which pascal for an absolute beginner ? 
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 which pascal for an absolute beginner ?

I need a Pascal compiler for my son, to learn. A beginner.

Just to make programas able to and two numbers, and things like that.

I left pascal 15 years ago, so I do no know much about pos-1986 pascal compilers.

And I need to chose one. I realise that turbo pascal 1.0, 3.02, 5.5, 7, is now free at www.borland.com.

Is turbo pascal a good choise? I like the borland compilers, BUT will it work under win95/98/2000 ???

Only SIMPLE things, NO need of client/server,  SQL,  DDL, interrupts, objects, data bases.

Does NOT need to work in win, DOS box is OK.

BUT I need it to be able to be used in a win95/win98/win2000 environement (win *OR* DOS box).

Any sugestion or tip???
--

ICQ # 14440939



Wed, 18 Jun 1902 08:00:00 GMT  
 which pascal for an absolute beginner ?
Just go for Borland Turbo Pascal !

I have 7.5, they still start programming lessons with this language at schools in the area.
It is easy to start and has everything you need as a beginner. Works under all windows
versions but in a dos-box.
I'm still using it because I'm to busy to start learning C.

Good luck and have fun !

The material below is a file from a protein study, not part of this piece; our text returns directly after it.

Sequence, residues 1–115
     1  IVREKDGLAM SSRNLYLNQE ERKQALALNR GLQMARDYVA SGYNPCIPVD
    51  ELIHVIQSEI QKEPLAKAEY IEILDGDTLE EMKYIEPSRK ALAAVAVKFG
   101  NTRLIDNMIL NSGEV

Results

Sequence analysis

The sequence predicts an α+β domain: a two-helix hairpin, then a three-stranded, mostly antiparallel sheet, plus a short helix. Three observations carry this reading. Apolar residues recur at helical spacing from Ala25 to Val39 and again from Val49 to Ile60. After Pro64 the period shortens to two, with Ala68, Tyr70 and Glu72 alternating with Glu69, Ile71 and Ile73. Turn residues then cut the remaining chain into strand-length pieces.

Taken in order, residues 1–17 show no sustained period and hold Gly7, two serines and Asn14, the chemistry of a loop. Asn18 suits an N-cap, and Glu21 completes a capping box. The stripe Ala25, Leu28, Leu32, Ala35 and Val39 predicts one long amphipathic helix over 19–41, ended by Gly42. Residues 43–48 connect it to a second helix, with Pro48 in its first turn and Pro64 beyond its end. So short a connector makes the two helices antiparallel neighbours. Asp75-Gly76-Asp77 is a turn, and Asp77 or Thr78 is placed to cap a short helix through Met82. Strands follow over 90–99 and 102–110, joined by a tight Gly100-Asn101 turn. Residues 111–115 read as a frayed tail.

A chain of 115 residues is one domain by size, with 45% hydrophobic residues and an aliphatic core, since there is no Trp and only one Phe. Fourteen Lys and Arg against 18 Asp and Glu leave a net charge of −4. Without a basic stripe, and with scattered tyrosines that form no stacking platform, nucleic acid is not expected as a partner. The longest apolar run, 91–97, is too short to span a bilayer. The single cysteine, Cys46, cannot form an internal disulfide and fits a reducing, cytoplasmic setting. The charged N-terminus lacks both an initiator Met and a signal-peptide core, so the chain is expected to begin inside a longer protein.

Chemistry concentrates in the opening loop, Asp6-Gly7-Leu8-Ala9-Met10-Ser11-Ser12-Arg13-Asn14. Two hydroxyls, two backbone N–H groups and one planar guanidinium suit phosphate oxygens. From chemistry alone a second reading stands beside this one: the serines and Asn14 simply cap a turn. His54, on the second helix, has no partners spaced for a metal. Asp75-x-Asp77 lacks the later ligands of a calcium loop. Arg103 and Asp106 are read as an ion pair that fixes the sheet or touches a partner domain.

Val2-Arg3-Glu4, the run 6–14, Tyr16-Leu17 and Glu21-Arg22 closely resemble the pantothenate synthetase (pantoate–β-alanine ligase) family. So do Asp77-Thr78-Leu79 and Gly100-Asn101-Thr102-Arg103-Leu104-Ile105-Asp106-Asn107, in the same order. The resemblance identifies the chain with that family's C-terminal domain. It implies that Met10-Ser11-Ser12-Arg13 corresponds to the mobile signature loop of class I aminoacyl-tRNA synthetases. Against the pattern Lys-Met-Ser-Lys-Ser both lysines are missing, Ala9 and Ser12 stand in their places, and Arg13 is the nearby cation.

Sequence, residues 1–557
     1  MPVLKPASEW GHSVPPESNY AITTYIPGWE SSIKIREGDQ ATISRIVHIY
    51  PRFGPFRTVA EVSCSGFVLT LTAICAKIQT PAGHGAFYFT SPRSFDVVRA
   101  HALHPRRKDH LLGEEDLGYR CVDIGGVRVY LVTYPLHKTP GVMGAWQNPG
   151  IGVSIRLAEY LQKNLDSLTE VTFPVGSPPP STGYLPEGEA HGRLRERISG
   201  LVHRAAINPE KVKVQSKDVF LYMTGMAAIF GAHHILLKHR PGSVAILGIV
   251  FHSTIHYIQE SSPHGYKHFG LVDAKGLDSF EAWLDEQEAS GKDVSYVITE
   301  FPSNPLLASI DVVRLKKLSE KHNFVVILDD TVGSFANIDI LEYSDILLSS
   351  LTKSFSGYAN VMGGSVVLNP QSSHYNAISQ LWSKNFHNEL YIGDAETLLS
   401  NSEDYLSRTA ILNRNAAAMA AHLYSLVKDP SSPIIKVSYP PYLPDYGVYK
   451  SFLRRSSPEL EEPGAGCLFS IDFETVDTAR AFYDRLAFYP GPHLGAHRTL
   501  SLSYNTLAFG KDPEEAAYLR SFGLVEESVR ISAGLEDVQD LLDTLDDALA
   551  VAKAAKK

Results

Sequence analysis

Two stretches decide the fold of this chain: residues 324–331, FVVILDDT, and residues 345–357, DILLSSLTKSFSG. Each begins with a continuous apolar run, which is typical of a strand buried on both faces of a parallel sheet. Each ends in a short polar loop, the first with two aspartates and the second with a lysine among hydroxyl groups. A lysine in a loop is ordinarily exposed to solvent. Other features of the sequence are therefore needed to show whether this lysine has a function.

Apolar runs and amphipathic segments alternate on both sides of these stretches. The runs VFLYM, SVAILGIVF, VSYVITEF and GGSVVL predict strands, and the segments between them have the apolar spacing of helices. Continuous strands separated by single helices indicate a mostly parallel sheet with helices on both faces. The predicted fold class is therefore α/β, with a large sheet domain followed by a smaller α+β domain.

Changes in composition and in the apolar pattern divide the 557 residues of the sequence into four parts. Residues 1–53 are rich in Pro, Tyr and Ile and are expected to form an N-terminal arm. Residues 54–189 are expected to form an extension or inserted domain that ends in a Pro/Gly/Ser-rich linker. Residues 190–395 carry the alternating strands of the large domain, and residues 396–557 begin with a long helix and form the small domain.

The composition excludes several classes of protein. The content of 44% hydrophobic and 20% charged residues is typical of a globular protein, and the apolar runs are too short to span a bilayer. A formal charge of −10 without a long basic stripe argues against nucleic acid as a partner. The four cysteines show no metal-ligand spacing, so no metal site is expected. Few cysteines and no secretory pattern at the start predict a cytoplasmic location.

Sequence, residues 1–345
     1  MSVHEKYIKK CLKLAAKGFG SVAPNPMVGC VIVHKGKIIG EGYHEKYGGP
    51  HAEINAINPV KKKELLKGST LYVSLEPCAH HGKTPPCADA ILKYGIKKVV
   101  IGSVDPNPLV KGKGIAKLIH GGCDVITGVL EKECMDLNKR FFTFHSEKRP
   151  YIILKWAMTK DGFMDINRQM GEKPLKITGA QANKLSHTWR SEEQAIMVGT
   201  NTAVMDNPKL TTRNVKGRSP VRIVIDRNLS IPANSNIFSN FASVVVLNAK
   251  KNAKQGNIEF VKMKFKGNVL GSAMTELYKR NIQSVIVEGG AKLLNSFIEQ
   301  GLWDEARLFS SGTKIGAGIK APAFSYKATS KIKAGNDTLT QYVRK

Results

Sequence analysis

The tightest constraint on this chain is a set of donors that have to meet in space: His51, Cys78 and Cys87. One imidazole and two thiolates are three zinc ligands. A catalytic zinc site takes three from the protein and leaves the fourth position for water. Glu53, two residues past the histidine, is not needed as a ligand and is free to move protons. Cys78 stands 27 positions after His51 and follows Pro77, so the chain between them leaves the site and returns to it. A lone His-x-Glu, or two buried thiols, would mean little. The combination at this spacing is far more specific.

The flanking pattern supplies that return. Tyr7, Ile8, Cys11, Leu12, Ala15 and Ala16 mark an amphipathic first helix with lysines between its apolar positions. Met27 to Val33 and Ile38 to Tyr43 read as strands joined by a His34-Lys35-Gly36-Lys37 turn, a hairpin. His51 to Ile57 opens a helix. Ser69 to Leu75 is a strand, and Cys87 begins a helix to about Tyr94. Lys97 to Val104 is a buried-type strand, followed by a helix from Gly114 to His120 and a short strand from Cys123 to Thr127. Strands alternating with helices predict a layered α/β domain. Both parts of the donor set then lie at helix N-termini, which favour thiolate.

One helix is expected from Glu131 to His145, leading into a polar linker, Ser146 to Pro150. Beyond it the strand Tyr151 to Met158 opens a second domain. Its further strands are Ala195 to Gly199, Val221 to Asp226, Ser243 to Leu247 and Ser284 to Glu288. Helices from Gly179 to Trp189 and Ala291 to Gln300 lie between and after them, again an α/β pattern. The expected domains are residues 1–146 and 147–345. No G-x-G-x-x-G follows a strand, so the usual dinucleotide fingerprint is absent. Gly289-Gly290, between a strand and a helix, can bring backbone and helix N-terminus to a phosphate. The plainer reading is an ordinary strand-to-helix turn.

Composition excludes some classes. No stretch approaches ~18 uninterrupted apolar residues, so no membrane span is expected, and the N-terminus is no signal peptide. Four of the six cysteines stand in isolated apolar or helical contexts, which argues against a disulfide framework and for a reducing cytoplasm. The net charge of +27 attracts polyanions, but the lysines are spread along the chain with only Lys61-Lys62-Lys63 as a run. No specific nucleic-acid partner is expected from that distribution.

Wed, 18 Jun 1902 08:00:00 GMT  
 which pascal for an absolute beginner ?

Quote:
> Just go for Borland Turbo Pascal !

> I have 7.5, they still start programming lessons with this language at schools in the area.
> It is easy to start and has everything you need as a beginner. Works under all windows
> versions but in a dos-box.
> I'm still using it because I'm to busy to start learning C.

   Interesting...you have something which doesn't exist in the TP world.  
Is it 7.0 or 5.5?


Wed, 18 Jun 1902 08:00:00 GMT  
 which pascal for an absolute beginner ?


Quote:
> They'll work in a Win95/98 DOS box, or you can probably boot to DOS from
> a floppy while using Pascal on the hard disc.  I don't know about
> Win2000 myself.

Versions 3 and 7 (real mode) work fine in a command prompt under
Windows 2000 Professional, no reason to think the others wouldn't
too.  As others have pointed out, be sure to get a CRT unit
replacement to fix the Run Time Error 200 in version 7.0.

--
Regards,

David Ragle
-----------
Product Development
DRB Systems, Inc.

Remove the obvious to reply via email



Wed, 18 Jun 1902 08:00:00 GMT  
 which pascal for an absolute beginner ?


Quote:
>I need a pascal compiler for my son, to learn. A beginner.

>Just to make programas able to and two numbers, and things like that.

>I left pascal 15 years ago, so I do no know much about pos-1986 pascal
>compilers.

>And I need to chose one. I realise that turbo pascal 1.0, 3.02, 5.5, 7,
>is now free at www.borland.com.

Turbo 5.5 was (is) a fine compiler...IIRC, it came with a very
nice Introduction to Objects manual (too bad that's not available
as part of the download package)

I think 7.0 is only free in the French version.

Quote:

>Is turbo pascal a good choise? I like the borland compilers, BUT will it